Mastering the art of blog to film

“Julia & Julia” takes two women’s stories to the big screen, but leaves pieces behind.

Stanley Tucci as Paul Child and Meryl Streep as Julia Child in Columbia Pictures Julie & Julia.

Ashley Goetz

Stanley Tucci as “Paul Child” and Meryl Streep as “Julia Child” in Columbia Pictures’ Julie & Julia.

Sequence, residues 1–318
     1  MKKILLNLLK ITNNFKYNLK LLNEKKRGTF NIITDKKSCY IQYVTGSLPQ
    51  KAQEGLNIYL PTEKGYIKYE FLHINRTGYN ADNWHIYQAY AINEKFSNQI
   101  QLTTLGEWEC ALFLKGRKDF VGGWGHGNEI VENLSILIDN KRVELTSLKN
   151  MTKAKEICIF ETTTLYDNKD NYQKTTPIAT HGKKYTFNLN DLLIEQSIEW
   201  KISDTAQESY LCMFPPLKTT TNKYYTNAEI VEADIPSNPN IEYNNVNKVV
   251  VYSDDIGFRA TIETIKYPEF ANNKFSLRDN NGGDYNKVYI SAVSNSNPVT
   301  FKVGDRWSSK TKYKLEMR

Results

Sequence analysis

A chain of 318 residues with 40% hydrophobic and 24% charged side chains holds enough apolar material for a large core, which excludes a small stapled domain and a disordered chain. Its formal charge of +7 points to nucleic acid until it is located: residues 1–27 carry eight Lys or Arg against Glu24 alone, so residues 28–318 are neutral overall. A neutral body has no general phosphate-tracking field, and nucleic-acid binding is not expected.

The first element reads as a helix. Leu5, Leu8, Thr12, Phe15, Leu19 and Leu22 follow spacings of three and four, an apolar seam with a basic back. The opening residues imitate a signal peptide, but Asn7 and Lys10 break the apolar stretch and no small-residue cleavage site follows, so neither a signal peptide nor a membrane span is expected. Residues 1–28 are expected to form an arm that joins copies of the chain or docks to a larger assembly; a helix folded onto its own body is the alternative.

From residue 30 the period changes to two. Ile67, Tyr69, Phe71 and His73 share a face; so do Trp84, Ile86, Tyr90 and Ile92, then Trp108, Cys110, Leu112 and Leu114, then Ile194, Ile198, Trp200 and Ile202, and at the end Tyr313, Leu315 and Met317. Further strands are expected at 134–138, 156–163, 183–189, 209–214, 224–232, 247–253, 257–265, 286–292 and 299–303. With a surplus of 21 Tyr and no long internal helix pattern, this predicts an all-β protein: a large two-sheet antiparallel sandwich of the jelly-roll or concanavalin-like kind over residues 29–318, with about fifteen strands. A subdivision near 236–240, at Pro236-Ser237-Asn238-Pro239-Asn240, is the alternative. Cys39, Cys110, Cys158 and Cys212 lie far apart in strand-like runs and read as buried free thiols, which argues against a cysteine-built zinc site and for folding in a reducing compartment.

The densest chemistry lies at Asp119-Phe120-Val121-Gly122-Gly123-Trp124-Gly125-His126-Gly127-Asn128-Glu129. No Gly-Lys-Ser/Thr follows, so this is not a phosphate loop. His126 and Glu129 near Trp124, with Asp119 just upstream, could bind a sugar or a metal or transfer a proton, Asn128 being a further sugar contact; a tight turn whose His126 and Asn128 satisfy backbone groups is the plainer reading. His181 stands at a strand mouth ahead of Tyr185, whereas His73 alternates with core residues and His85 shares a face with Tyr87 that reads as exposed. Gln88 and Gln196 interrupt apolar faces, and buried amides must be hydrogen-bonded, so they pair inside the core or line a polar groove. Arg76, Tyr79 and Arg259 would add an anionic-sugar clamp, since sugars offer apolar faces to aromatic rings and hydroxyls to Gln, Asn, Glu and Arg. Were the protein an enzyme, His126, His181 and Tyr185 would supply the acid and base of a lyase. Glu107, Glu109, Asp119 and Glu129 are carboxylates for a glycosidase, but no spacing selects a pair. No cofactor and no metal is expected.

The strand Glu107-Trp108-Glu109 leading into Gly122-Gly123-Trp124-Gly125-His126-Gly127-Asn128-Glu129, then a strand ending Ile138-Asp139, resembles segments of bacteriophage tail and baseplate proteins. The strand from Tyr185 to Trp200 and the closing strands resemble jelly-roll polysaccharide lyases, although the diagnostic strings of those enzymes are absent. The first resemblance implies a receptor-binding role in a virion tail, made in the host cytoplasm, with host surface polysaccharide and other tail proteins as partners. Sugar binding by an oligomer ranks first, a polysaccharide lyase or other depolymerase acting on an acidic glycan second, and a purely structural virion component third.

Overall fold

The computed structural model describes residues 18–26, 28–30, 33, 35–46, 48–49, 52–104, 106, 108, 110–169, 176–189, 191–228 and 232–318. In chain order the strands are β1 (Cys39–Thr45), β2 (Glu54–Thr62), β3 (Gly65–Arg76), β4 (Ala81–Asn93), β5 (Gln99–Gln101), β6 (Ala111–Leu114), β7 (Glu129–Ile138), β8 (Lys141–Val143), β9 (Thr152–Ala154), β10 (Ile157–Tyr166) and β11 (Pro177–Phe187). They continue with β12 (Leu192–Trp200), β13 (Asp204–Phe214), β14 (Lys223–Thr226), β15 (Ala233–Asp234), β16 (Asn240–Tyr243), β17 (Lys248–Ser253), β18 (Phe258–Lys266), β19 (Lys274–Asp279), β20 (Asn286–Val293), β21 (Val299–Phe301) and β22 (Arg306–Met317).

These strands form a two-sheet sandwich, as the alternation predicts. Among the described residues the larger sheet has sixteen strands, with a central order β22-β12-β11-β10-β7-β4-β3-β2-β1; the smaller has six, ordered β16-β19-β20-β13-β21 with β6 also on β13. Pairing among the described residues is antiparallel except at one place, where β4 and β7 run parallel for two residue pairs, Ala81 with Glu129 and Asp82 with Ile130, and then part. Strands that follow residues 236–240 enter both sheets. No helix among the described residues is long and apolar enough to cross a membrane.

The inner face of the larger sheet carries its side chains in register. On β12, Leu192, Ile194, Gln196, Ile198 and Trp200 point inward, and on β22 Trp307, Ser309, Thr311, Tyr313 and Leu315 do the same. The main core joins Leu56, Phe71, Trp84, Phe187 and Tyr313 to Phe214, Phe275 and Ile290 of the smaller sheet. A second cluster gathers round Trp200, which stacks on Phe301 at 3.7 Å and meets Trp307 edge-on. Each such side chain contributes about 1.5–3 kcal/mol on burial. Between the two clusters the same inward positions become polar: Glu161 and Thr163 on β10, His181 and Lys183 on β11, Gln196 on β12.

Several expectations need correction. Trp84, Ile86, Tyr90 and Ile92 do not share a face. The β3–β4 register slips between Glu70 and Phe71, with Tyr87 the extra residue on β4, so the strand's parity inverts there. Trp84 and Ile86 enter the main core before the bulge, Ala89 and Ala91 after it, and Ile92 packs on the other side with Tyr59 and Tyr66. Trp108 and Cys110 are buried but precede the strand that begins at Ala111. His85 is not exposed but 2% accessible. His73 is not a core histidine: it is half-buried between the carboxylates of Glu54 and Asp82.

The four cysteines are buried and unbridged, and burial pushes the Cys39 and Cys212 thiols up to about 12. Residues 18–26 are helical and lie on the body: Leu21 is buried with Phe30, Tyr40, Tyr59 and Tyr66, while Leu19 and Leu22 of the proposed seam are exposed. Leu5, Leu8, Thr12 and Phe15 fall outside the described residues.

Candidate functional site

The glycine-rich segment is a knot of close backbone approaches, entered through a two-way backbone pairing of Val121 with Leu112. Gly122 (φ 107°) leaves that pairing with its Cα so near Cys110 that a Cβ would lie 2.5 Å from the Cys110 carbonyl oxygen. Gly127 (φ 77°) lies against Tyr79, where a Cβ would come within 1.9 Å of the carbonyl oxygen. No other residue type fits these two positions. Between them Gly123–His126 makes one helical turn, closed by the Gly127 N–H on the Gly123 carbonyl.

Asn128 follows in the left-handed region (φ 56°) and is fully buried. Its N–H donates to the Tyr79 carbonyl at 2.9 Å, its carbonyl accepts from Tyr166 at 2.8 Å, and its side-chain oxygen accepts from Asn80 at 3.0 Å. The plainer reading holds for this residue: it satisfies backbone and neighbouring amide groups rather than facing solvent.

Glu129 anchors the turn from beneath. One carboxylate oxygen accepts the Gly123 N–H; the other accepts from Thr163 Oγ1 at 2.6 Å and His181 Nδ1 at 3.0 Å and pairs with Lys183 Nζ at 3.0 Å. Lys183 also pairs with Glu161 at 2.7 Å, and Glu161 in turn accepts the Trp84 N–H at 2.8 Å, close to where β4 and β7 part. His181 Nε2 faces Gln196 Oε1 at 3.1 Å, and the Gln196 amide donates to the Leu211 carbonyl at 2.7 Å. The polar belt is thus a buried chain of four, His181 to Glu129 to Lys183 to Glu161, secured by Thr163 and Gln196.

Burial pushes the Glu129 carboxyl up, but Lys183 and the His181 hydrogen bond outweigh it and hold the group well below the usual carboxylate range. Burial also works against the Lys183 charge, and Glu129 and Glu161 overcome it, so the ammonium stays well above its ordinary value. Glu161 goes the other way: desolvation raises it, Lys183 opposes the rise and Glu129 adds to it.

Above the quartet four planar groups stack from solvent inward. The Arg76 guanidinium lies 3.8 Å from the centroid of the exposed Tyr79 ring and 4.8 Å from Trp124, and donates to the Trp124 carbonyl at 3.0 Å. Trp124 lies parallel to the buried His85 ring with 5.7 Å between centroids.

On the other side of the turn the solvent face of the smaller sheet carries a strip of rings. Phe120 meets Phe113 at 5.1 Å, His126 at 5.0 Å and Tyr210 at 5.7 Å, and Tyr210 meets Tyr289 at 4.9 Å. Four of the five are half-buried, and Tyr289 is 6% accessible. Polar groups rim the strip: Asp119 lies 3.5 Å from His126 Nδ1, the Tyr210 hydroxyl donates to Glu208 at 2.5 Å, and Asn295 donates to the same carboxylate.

âÄúJulie & JuliaâÄù DIRECTED BY: Nora Ephron STARRING: Meryl Streep, Amy Adams RATED: PG-13 SHOWING: Area theaters âÄúI have no claim over the woman at all, unless itâÄôs the claim those who have nearly drowned have over the person who pulled them out of the ocean,âÄù writes Julie Powell , the blogger half of âÄúJulie & JuliaâÄù about the death of chef and TV personality Julia Child . ItâÄôs this drowning/saving relationship that makes up the central plot of the two womenâÄôs intertwined story with ties into reality and history that make it not just a film but a whole hodge-podge of media, from old recipes to âÄúSNLâÄù skits. The best way to label âÄúJulie & JuliaâÄù would be as a chef biopic mixed with a blogger wet-dream-come-true of getting ping-ponged by Web hits past financial security and into the realm of Hollywood celebrity. But wait âÄî we were talking about drowning. Enter a disgruntled phone-answerer living in a tiny apartment played by spindly Amy Adams who decides to cook through the famed Julia ChildâÄôs cookbook in 365 days, âÄúrisking her marriage âĦ and her catsâÄô well-beingâÄù on the way. She gets famous while the film gives glimpses into ChildâÄôs time spent in Europe, where she channeled her refusal to be a bored housewife into perfecting the art of chopping onions and turning live lobsters into gourmet dinners. How exactly Julie Powell the blogger was drowning before she learned how to make port wine reductions never exactly becomes clear in the film. She kind of sort of hates her job and she lives above a pizza place âÄî but come on, cinema, letâÄôs have a little bit more conflict than that. Her worst fight with her husband is because she calls him an angel too frequently on her blog. The Julia Child parts are also fairly easy riding, other than a mild entanglement with the red scare, but there was no claim of existential crises in this section of the plot in the first place. The depictions of ChildâÄôs time spent in France are humorous and bubbly, although possibly over-drenched in café- and market-filled Europeness. Not that indulgent Europification has ever hurt a film before âÄî see: the success of every film blatantly about Europe, especially âÄúUnder the Tuscan SunâÄù and âÄúVicky, Cristina Barcelona.âÄù But plot formulation and settings were secondary issues in this film; the real challenge was translating blog/cookbook reality into a narrative that foodies everywhere want to watch. The casting of Meryl Streep as Julia Child was unpredictable but ingenious. Streep naturally does not factor in at ChildâÄôs 6-feet-2-inches , but her vocal impression of the chefâÄôs songbird speech was perfectly complimented with the use of shorter-than-average extras and prop beds made tiny enough to have her feet hanging over the edge. But choosing Amy Adams to play blogger Julie Powell? For some reason, director Nora Ephron (âÄúYouâÄôve Got MailâÄù) decided that a demure, neurotic and skinny Amy Adams should try to play Powell without ever meeting her first. Powell, a curvy brunette who frequently drops f-bombs in her blog writing confessed that she would have preferred to be portrayed by someone like Kate Winslet. Nonetheless, Adams conjures up an intriguing if abstracted character, and the blog narrative of the film floats delicately by on her performance. While the character development doesnâÄôt delve far into either womanâÄôs past or problems, the remaining story of women trying to make it with hard work and talent is refreshing. âÄúJulie & JuliaâÄù will turn plenty of heads, mostly because Meryl Streep plays Julia Child so well (who knew?), and the only thing viewers like more than looking at food is the idea that their own blog could become a similar recession-era life preserver/major motion picture.